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Editorial: The TUC's special congress declared war on anti-strike laws. Now battle must be joined

SATURDAY’S TUC special congress made serious commitments which, if fulfilled, mean a step-change in co-ordinated resistance to anti-strike laws.

Unions are now committed to direct defiance of the law: they have agreed they will not instruct members to cross picket lines, when the Strikes (Minimum Service Levels) Act stipulates that they must take “all reasonable steps” to ensure any of their members named in a work notice issued by an employer do go to work during strike action.

They are committed to help each other. If any union is sanctioned under the new legislation — which provides for fines of up to £1 million and sequestration of union assets if they are deemed not to have complied with the Act — an emergency meeting of the TUC executive will meet to decide what assistance is provided. 

If any member is disciplined under the new law — which removes protection from unfair dismissal from anyone not complying with a work notice — not only will the TUC step in to help, it has agreed to call an emergency demonstration in their defence.

And it will turn January 27’s Cheltenham demonstration in commemoration of the fight for union rights at GCHQ into a defiant assertion of workers’ right to strike.

This battle will not be easy. As RMT leader Mick Lynch pointed out, the fact that Tories have introduced this law against the advice of many employers does not mean we should expect employers not to use it against unions. 

Campaigning to force commitments from employers never to issue a work notice has already succeeded in securing these guarantees from the Scottish and Welsh governments: it must be stepped up, to encompass every level of devolved power, every essential service and private business, with bosses warned that not doing so will poison industrial relations from the off.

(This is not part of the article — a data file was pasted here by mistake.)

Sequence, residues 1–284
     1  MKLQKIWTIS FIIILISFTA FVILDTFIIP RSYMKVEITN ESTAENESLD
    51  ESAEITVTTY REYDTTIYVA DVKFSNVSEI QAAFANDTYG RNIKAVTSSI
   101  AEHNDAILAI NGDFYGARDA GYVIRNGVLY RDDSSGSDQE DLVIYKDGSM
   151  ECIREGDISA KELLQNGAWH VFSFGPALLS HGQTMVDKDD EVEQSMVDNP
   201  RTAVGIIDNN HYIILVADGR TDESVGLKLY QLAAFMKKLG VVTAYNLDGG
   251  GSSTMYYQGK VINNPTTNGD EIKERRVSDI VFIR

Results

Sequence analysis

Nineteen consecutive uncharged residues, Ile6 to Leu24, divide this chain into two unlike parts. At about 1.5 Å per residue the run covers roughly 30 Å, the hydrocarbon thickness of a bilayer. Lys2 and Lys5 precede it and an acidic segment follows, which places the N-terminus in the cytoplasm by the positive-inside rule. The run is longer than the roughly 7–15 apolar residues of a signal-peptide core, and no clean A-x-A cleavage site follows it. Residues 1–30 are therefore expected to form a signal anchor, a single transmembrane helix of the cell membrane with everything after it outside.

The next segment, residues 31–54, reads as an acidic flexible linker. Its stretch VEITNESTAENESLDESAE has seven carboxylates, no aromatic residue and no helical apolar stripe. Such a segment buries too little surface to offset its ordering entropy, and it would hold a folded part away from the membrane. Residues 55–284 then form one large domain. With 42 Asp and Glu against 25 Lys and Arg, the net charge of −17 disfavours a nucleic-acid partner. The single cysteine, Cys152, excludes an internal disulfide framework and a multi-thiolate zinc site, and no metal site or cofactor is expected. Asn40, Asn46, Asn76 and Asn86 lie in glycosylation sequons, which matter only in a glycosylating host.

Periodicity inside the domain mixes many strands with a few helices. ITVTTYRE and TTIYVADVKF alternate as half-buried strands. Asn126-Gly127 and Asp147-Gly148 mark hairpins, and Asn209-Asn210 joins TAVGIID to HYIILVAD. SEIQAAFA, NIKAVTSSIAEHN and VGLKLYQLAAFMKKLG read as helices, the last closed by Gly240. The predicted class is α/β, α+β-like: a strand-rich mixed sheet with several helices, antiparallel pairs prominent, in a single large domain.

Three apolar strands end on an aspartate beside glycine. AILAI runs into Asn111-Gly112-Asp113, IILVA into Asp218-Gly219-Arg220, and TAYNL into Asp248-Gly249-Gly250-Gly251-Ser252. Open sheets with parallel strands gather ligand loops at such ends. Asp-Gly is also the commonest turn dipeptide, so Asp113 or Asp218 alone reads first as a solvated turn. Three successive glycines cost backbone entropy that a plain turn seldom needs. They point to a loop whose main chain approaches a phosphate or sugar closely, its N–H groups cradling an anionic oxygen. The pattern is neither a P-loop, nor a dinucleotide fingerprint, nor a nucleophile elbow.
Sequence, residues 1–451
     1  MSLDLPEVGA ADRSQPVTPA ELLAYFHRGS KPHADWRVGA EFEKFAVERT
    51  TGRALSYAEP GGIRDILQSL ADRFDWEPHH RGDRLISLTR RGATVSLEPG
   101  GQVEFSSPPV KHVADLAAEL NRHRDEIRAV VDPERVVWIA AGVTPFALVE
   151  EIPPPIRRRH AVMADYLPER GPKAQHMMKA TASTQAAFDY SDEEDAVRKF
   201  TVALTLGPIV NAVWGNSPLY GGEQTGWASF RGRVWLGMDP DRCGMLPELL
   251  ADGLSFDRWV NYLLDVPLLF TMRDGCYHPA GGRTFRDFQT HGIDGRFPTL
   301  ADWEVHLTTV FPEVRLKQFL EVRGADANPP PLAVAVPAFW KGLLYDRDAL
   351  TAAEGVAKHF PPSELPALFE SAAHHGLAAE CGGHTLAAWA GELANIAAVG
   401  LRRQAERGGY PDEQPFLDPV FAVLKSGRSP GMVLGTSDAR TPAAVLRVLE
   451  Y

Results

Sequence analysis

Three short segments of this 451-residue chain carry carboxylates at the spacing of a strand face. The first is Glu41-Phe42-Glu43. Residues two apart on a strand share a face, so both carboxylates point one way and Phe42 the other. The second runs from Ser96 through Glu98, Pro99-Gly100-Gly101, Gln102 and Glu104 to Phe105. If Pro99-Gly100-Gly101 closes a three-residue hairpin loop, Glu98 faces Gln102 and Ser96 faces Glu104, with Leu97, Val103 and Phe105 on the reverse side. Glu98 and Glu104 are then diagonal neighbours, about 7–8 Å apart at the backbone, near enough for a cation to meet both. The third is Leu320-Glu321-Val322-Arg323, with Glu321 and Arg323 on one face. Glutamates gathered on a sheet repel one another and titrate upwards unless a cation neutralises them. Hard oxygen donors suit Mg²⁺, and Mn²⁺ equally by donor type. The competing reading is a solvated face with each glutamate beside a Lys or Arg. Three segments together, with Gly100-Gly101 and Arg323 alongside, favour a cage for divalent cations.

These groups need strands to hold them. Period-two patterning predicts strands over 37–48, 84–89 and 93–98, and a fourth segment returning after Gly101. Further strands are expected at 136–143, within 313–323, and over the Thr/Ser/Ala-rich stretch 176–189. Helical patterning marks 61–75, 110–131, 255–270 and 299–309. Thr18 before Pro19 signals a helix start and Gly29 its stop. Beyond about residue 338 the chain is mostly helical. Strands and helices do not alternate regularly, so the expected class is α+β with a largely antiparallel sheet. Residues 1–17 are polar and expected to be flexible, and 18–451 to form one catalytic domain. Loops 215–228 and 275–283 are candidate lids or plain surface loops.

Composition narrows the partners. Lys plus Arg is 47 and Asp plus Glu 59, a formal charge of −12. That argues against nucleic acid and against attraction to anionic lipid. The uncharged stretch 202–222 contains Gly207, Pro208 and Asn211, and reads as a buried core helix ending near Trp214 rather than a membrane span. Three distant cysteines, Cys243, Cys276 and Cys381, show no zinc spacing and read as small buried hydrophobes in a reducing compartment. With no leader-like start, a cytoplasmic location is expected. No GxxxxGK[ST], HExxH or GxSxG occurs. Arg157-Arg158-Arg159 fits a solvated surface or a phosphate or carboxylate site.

To succeed, unions need to be a force to be reckoned with in every workplace. The strike wave of the last 18 months has demonstrated this for many workplaces, but it must be built on, and unions need to be outward-looking: four in five British workers are not unionised.

The advantage of being in a union must be shouted from the rooftops. The pay victories of the last year must be celebrated and publicised. The TUC demo on January 27 in Cheltenham will be a good place to start, but trades councils will have a role to play in co-ordinating local publicity and campaigning across the country.

The TUC itself will need to play a more prominent co-ordinating role. The shared action plans called for by CWU leader Dave Ward point to the need for the TUC general council to become a general staff for the army of organised labour. And UCU leader Jo Grady’s recognition that the TUC will need to look now at how to raise funds to counter the sanctions unions may face is important.

The mass campaign of defiance can make political demands too. The British Dietetic Association’s Annette Mansell-Green talked of turning the Tory narrative upside down by demanding not minimum but maximum service levels: making the public case for the investment needed to restore crippled services to health.

More than one delegate pointed to the fact that a Labour government will need to be put under pressure to keep its word on repealing this vicious legislation.

If the militant campaign spoken of on Saturday becomes a reality, it can do more than that: it can place the demands for nationalisation and higher public spending front and centre of British politics over the next year, forcing Labour to improve its offer or forego the votes of millions of trade unionists.

As Unite’s Sharon Graham phrased it, the anti-strike law is a declaration of war on unions by the government. Unions have issued their counter-declaration: now battle must be joined.


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